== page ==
[Noam: Since I didn’t go to FOCS, I asked Shahar to write a guest blog post from there.]
[Shahar: Noam asked me to write a guest post on FOCS. However, Shaddin wanted to write a post so badly that I had to let him guest post in my own guest post.]
When Shahar asked me on monday night to write this guest guest post, my first reaction was that I wish I knew ahead of time so that I would take notes. Since much of this is from memory, I apologize for any unintentional omissions or inaccuracies. Since this is an AGT blog, I will focus mostly on AGT-related papers.
This year FOCS is being held in downtown Atlanta, and the conference hotel is only a few blocks from Georgia Tech. The conference talks are all in the hotel conference center as usual, though the celebration on day 0 was located at the Lecraw Auditorium at Georgia Tech.
Saturday featured the celebration of the 50th anniversary of FOCS and the 20th anniversary of the ACO program at GATech. There were talks by four distinguished speakers: Richard Karp, Mihalis Yannakakis, Noga Alon, and Manuel Blum. All four talks were inpsiring. Manuel Blum’s talk on “Can TCS get a grip on Consciousness” was particularly entertaining and thought provoking. In the talk, Manuel chronicles his own personal journey towards understanding consciousness. The talk culminates with a description of “Global Workspace Theory” as a model of consciousness. Manuel draws concrete connections between this model and mathematical proofs, suggesting that TCS can benefit from models of consciousness as guides for high-level planning.
The conference talks were held in two adjacent conference rooms on the second floor of the conference hotel. Luckily, there was an adjacent conference being held on the same floor called “The Secrets of the Millionaire Mind”. The colorful characters from this conference occasionally ventured into the same lobbies as the FOCS audience, and doubtless managed to recruit many TCS graduate students who are fed up with meager stipends and left-over pizza.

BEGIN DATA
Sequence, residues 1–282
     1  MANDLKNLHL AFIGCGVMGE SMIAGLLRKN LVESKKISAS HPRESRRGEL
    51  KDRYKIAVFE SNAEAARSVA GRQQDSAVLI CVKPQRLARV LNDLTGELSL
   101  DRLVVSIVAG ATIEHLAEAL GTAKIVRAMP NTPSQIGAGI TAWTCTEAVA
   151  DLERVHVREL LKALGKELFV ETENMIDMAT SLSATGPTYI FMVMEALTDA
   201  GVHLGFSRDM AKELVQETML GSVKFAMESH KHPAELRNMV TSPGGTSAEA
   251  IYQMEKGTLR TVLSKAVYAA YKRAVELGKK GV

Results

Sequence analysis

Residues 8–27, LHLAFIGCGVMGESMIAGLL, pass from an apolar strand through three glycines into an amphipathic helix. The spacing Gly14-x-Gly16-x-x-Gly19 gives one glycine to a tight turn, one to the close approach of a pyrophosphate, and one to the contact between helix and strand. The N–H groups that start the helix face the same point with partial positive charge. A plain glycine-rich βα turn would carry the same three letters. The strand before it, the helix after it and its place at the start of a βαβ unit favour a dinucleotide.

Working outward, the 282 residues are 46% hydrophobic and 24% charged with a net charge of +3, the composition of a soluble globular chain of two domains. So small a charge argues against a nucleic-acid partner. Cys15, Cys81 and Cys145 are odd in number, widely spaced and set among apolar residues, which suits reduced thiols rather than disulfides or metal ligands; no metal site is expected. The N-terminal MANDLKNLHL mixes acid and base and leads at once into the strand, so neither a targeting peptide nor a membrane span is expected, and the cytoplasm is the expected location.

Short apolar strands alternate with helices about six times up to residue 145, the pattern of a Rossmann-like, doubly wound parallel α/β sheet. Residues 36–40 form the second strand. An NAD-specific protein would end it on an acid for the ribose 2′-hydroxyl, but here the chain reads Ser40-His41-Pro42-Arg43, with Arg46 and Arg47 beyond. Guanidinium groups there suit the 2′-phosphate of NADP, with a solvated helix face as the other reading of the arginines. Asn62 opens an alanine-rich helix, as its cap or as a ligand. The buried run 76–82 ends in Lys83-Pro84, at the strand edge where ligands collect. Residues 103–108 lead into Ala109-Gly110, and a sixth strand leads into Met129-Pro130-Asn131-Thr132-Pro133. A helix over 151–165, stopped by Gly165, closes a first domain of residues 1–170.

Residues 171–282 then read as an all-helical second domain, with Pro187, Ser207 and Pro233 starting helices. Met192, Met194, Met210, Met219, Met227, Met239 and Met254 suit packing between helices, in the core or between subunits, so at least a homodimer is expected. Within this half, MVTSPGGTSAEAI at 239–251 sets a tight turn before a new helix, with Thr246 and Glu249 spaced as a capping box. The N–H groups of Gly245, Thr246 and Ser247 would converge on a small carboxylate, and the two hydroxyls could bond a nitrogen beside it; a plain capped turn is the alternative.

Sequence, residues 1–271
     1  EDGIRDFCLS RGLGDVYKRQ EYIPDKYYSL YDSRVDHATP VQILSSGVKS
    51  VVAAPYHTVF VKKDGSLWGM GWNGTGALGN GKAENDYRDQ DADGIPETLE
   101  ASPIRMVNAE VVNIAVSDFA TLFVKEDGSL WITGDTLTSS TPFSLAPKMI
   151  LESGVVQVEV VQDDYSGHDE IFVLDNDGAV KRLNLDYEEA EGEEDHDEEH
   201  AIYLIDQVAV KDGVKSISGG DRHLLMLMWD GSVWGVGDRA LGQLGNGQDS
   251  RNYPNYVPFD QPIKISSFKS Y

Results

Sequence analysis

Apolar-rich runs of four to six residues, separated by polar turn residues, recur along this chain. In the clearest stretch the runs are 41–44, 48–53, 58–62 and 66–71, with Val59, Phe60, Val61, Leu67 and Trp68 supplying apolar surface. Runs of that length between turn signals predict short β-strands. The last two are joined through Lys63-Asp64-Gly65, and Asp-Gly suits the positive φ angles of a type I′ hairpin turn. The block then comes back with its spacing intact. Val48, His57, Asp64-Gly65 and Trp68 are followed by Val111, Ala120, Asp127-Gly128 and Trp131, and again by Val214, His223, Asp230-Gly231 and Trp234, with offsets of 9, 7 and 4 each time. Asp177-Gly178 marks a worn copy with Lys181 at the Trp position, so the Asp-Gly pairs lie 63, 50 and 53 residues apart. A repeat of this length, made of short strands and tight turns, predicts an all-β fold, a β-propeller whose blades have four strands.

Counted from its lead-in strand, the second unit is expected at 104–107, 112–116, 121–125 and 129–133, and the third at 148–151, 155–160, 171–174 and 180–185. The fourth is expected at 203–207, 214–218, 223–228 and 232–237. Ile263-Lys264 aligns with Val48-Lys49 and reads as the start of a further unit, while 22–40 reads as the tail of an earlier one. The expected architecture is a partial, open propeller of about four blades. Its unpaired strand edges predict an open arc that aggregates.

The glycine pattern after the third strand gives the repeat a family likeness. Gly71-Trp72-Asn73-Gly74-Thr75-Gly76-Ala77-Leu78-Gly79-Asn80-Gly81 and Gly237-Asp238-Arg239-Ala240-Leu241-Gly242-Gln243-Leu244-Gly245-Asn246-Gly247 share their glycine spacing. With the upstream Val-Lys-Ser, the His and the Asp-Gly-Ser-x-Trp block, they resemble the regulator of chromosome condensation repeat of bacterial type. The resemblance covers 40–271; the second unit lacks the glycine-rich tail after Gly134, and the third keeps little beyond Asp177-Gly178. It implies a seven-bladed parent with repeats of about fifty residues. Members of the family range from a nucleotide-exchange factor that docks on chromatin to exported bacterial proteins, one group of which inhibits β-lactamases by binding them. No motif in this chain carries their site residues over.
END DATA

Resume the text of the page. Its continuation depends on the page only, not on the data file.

There were two AGT sessions. Due to incurable jetlag, I unfortunately missed the first one on Monday morning. Luckily, however, all talks will be available online soon. Nevertheless, word around the conference lobby was that Amin Saberi’s talk on Convergence in local interaction games was fantastic. The second AGT session was monday afternoon, featuring three talks. The first talk was on Rationalizing Network Formation, where Kalyanaraman and Umans prove hardness results on inferring valuations of players in network formation games. I interpreted this as a hardness result for effective market research. The second talk in that session was on pricing strategies for Revenue Maximization. In this talk, the authors obtain improved lower and upper bounds on pricing strategies for revenue maximization when a limited number of items are sold to bidders with unknown subadditive valuations. The lower bounds apply to the previously studied static single-price, and they relax the model to one that allows prices to vary with time. An interesting question that was brought up after the talk was whether their results could be improved
by using a benchmark other than welfare. The third talk was on my paper with Shahar Dobzinski (the guest blogger one level up in the blogging tree), where we introduce a new class of truthful-in-expectation mechanisms and use it to get a truthful-in-expectation FPTAS for multi-unit auctions. We also show the first separation between truthfulness-in-expectation and universal truthfulness.
All in all, this FOCS was the usual mix of talks, good conversation, and blossoming collaborations. The southern hospitality was warm, and the sourthern food was an experience. As revealed in the business meeting, the next FOCS will be held in Las Vegas! In light of this choice of location, lets hope they tape the talks next year as well for those of us one roll of dice away from the big one!